Thursday, September 22, 2011

Creature of the Month - Merfolk by Oberon Zell



The Mermaid (from Latin mer, “sea”), a beautiful woman from the waist up and a fish from the waist down, is a favorite creature of legend and romance. She personifies the romance and treachery of the sea, especially the coastal shoals upon which many a ship is wrecked. Bare-breasted Mermaids are often shown sitting on rocks combing their long, green hair to entice sailors to a watery doom. They have been confused with Sirens, even giving that name to a class of marine mammals (Sirenia). However, the original Sirens of Greek mythology were not aquatic at all, but birds with the heads and breasts of women.


The folklore of Mer-people is ancient and widespread, crossing cultures, continents, and millennia. Inhabiting splendorous undersea kingdoms of coral castles, they are said to be as soulless as water, but they may acquire a soul by marrying a human. The heraldic Mermaid is commonly shown with a comb and a mirror which represents the moon, ruler of the tides.

The Mermaid of tradition is beautiful and dangerous. For a sailor to see a Mermaid is almost always a portent of disaster—storm, shipwreck, drowning. Merfolk are said to dwell in a kingdom ruled by Neptune on the bottom of the sea, and with seductive singing they entice sailors to leap into the water to join them. However, Mermaids do sometimes rescue drowning sailors.

The Mermaid was believed to be real by both natural historians and explorers, who have reported many sightings and encounters over the centuries. The classic form of the Mermaid was provided by the influential 5th-century bestiary, the Physiologus, which describes the Mermaid as “a beast of the sea wonderfully shapen as a maid from the navel upward and a fish from the navel downward.”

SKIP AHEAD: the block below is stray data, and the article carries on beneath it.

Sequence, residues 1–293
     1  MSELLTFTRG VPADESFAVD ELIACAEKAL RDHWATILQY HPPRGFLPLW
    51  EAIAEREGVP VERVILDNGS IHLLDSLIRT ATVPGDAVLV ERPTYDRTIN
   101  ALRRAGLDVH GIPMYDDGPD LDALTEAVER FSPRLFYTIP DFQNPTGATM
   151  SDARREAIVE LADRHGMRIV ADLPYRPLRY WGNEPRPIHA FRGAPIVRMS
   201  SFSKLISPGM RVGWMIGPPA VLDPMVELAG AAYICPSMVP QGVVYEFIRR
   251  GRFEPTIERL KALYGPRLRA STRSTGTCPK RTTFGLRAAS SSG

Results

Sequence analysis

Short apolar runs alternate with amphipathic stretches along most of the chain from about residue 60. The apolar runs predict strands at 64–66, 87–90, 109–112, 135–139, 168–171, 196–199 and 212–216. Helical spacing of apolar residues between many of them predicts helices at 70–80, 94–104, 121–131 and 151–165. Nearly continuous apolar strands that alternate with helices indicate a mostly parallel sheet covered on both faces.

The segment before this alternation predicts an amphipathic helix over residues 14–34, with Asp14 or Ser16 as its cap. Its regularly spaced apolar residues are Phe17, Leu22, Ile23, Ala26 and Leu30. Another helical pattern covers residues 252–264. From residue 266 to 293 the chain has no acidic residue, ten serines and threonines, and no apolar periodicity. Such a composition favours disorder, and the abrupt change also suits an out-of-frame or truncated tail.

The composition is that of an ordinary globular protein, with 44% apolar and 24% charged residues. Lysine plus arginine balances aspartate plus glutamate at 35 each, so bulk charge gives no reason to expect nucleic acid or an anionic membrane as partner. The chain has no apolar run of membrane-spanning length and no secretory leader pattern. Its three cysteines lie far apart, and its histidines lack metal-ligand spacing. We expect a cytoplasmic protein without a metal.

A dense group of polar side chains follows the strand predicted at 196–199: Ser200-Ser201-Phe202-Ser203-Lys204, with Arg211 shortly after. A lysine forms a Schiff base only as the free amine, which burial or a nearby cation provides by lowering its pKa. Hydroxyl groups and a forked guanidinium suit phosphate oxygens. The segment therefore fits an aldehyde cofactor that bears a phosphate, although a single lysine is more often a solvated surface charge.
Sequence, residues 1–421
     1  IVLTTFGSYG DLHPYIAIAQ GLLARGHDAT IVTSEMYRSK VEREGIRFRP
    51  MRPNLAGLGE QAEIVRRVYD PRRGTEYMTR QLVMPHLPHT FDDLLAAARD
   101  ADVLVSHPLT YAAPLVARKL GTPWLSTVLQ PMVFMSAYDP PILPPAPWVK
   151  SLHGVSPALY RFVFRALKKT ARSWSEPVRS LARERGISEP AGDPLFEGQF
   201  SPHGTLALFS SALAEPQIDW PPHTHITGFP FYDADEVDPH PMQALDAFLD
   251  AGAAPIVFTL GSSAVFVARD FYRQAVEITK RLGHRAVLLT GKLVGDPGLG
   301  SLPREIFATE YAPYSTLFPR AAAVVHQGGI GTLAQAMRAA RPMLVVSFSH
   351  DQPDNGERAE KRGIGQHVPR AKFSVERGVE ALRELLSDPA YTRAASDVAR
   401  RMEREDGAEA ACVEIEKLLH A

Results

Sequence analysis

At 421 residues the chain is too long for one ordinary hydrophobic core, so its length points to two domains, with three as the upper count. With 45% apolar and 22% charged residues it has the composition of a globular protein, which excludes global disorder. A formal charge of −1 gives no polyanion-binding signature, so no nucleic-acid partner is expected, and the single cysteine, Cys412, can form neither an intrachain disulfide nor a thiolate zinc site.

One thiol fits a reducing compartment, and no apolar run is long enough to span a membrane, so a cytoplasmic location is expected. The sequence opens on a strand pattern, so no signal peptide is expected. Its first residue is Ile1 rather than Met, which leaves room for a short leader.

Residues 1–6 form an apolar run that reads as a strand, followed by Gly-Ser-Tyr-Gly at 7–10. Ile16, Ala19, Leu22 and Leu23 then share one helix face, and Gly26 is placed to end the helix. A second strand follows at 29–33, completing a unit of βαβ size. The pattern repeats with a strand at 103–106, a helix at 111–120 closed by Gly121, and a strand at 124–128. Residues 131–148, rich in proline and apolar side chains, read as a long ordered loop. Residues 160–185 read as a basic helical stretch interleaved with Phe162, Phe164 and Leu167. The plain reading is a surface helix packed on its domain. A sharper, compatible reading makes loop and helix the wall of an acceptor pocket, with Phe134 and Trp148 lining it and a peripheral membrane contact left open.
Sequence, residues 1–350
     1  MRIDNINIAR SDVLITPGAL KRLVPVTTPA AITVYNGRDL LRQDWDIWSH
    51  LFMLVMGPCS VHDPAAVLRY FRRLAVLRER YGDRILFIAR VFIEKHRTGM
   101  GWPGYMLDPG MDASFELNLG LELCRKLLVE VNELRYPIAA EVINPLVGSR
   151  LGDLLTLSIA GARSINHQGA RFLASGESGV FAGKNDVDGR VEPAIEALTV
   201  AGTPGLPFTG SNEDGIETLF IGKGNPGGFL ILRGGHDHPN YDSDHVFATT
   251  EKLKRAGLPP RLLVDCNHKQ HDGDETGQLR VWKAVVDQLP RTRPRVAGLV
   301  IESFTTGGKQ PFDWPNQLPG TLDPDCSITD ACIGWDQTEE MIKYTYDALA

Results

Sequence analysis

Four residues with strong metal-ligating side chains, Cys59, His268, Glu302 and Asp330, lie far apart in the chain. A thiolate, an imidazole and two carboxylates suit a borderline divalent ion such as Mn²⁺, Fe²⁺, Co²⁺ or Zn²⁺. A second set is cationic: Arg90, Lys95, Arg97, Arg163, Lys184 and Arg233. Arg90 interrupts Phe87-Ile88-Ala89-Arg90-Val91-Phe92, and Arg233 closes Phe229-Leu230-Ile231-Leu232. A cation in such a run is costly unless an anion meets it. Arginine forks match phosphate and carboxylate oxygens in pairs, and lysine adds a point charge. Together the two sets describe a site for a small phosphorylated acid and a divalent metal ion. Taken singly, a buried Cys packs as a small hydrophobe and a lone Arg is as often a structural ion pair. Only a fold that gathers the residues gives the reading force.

According to legend, the people of Eynhallow in Scotland’s Orkney Isles were once in communion with the Fin People of Finfolkaheen, a mirror village beneath the waves. If any of the Fin People could succeed in seducing a human, they would lose their fish tail and live on land. Hans Christian Anderson’s story of The Little Mermaid is based on such creatures, as was the 1984 hit movie Splash!

But the quintessential mythology of Merfolk that can become human is found in the legends of the Roane and Selchies (Orcadian, “seal”) from the Orkney and Shetland islands of Scotland, Ireland and Britain. Rather than sporting fish tails and human bodies, the shy Selkies and Roane appear as Grey Seals while in the water. However, they can remove the sealskins if they wish and walk upon land as humans. In that state, they can be captured by taking their skins and hiding them. If a Selkie or Roan thus captured is forced into a marriage, she will be a faithful and loyal wife, albeit somewhat sad. But if ever she should recover her sealskin she will return to the ocean and never look back.People born with webbed hands or feet are said to be “Selkie-born.”


In July of 1983, off the coast of New Ireland, 300 miles northeast of New Guinea, Dr. Roy Wagner of the University of Virginia observed an unknown sea mammal. Natives called it a Ri or Ilkai, describing it as having a fishlike lower body and a humanoid head and torso, with prominent breasts on the females. In other words, a Mermaid! This identification was reinforced by its Pidgin name: pishmeri (“fish-woman”), and confirmed by the natives’ pointing to the Mermaid depicted on cans of tuna as being the same creature.